PerspectiveEvolution

Mapping footprints of past genetic exchange

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Science  01 Nov 2019:
Vol. 366, Issue 6465, pp. 570-571
DOI: 10.1126/science.aaz1576

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Summary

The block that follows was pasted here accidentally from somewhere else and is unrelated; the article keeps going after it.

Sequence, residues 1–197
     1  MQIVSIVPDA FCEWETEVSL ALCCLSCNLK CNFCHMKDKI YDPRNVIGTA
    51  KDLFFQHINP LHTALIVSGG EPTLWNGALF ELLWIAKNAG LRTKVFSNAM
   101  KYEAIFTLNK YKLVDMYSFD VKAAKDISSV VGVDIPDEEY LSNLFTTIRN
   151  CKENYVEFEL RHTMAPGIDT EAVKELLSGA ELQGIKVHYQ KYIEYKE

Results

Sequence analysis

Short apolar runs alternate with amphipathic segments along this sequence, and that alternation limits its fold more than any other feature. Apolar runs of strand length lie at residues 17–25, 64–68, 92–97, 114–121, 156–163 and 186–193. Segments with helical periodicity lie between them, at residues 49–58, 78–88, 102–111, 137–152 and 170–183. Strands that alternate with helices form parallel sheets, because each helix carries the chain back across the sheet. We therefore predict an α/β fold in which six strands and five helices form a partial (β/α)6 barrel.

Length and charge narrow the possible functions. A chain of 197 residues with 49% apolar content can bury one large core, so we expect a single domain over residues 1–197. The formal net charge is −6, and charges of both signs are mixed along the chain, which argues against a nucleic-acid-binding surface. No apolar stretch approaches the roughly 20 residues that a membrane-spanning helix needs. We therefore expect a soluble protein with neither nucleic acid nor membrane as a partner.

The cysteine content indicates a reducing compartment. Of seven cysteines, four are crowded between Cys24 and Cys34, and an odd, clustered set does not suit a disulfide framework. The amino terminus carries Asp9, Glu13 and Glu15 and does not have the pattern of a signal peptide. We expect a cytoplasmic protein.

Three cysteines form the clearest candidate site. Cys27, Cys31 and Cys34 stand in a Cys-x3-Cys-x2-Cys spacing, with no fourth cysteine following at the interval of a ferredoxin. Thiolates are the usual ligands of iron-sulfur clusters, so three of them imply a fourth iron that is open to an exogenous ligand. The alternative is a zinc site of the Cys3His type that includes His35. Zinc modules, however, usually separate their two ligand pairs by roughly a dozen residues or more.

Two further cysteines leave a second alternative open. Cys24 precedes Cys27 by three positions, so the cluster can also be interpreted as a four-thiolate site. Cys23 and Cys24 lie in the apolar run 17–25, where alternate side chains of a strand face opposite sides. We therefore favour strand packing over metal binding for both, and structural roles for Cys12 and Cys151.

Controversies in evolutionary biology can linger for centuries. This is not because evolutionary biologists are unusually contentious, but rather because evolution is a challenging science that involves the reconstruction of events tracing back more than 3.7 billion years. Also, evolutionary processes common to one organismal group may be absent in another. Thus, generalizations about evolution must be built on studies of many taxa, with the recognition that exceptions to every rule are likely. Given these challenges, celebrations should be had when major controversies are put to rest. On page 594 of this issue, Edelman et al. (1) help bring one such controversy to a close by demonstrating the importance of hybridization (interbreeding between species) in the diversification of Heliconius butterflies. They also develop a new technique to disentangle genomic patterns caused by hybridization from those caused by stochastic processes within species.

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